According to an American Immigration Council Report by Elizabeth Kennedy, NO CHILDHOOD HERE: Why central american children are fleeing their homes, non-economic factors such as organized crime, gang threats, and violence appear to be the strongest determinants for children’s decision to emigrate. Many try moving within their home countries first, and flee to the United States only as a last resort. They’re afraid.

video prepared for the Center for American Progress by Tom Jawetz, Philip E. WolginAndrew Satter, and Kulsum Ebrahim called “Why We Must Protect Central American Mothers and Children Fleeing Violence” points out that, as potential refugees, the Central American migrant children and families are legally entitled to due process. Yet they are receiving the very opposite: in many cases, a quick trip out the door.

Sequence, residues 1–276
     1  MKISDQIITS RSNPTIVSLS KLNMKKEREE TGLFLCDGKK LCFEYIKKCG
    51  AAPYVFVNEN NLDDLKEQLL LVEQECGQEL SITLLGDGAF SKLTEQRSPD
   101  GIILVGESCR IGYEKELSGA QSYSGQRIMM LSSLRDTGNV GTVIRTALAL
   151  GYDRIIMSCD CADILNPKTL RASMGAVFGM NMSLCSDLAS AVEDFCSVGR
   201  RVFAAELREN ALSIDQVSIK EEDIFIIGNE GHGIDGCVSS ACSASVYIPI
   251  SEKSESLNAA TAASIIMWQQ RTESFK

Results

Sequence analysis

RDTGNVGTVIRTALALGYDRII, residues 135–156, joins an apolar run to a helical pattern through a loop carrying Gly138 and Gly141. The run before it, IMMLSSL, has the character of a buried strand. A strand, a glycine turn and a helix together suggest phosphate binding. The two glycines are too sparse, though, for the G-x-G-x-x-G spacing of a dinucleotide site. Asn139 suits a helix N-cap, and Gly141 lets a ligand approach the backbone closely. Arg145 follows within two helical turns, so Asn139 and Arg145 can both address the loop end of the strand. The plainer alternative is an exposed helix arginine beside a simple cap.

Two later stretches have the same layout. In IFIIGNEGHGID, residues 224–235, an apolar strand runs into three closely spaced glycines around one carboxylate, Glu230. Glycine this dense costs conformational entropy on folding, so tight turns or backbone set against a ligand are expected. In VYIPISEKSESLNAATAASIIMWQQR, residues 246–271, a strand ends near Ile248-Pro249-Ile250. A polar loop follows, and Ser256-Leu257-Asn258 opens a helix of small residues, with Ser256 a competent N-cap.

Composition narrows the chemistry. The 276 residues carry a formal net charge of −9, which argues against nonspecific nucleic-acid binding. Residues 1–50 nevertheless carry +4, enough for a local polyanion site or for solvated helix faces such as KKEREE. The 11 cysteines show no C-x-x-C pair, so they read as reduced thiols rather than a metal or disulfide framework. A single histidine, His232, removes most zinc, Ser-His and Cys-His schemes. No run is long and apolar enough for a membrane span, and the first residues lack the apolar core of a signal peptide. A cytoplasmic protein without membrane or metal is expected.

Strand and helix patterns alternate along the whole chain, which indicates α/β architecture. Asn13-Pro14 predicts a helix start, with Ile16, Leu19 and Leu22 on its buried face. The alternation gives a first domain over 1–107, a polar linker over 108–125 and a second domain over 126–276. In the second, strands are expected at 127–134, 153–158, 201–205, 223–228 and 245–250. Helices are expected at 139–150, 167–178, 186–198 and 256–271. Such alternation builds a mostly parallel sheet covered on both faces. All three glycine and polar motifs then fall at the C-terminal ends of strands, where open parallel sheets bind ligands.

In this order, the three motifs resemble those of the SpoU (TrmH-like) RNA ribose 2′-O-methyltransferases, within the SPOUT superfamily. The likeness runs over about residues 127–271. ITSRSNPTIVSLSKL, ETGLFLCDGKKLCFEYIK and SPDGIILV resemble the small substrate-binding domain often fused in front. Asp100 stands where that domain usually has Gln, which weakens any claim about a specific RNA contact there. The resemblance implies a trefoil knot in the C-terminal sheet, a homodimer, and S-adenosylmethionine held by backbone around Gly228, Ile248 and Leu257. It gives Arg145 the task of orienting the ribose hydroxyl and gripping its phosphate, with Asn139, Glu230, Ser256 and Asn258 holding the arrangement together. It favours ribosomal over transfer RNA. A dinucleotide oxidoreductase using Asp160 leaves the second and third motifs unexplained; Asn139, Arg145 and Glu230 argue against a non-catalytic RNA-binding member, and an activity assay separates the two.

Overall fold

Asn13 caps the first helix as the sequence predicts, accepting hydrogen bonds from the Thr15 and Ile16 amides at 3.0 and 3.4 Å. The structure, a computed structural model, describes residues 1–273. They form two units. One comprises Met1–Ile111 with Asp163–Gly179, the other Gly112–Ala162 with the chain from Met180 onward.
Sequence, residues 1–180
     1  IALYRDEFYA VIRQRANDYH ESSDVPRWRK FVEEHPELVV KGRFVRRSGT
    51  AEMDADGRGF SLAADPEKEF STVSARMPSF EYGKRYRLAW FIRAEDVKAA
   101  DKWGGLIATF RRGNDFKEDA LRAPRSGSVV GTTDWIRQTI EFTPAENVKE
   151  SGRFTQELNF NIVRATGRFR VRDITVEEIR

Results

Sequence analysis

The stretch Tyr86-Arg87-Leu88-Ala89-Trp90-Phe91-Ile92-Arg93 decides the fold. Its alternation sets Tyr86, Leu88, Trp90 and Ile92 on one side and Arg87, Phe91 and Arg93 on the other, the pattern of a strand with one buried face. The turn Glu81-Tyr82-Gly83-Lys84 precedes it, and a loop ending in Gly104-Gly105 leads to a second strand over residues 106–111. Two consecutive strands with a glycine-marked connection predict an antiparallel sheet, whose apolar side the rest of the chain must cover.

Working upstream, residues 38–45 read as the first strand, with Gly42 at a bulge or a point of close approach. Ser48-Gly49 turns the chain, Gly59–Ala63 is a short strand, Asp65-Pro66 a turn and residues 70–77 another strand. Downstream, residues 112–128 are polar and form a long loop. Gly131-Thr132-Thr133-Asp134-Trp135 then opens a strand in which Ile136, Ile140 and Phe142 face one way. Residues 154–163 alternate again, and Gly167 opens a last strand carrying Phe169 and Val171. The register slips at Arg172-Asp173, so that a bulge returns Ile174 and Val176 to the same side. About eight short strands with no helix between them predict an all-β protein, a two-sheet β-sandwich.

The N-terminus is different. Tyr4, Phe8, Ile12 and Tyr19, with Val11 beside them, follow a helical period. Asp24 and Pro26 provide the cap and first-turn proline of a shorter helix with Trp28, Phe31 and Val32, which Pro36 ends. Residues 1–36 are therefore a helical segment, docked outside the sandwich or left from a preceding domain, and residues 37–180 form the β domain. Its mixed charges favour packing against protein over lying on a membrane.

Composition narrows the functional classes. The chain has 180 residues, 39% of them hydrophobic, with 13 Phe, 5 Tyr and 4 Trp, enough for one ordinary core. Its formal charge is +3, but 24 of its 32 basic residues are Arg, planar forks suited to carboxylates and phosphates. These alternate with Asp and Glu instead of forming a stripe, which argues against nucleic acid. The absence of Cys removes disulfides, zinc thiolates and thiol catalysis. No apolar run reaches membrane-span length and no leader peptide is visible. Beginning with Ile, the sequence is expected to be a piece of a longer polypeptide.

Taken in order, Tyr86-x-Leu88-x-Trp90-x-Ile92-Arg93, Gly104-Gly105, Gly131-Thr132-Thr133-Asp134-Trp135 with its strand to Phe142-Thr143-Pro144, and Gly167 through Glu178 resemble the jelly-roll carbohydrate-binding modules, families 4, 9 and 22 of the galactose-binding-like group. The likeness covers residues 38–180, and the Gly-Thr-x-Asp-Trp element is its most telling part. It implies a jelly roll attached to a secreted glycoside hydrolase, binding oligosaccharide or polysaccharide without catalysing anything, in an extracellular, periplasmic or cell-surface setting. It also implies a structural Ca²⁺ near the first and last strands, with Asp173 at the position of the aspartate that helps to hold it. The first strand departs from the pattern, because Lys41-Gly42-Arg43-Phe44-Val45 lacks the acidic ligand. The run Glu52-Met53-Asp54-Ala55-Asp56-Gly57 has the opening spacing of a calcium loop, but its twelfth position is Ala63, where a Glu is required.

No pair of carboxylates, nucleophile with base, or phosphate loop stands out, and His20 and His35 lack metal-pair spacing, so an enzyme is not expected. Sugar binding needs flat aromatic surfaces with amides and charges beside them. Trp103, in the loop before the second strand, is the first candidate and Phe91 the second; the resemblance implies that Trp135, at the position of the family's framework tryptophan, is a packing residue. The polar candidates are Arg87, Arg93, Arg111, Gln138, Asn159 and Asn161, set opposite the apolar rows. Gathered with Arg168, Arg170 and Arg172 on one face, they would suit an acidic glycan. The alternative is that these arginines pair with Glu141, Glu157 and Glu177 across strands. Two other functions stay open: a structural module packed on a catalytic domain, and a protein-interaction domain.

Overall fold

The next key point is that asylum law is not only complicated, but fact-based and ever-evolving. I’ve represented many applicants in court whose cases seemed marginal at first.  It was only after spending hours (often over the course of many meetings) that I was able to understand the true basis of their fear of returning home and then analyze whether that fit into a ground for U.S. asylum.

Sometimes the answer was no. A child who, for example, is simply afraid of random street violence, is going to have trouble proving that he or she would be singled out for persecution. (See Asylum or Refugee Status: Who Is Eligible?)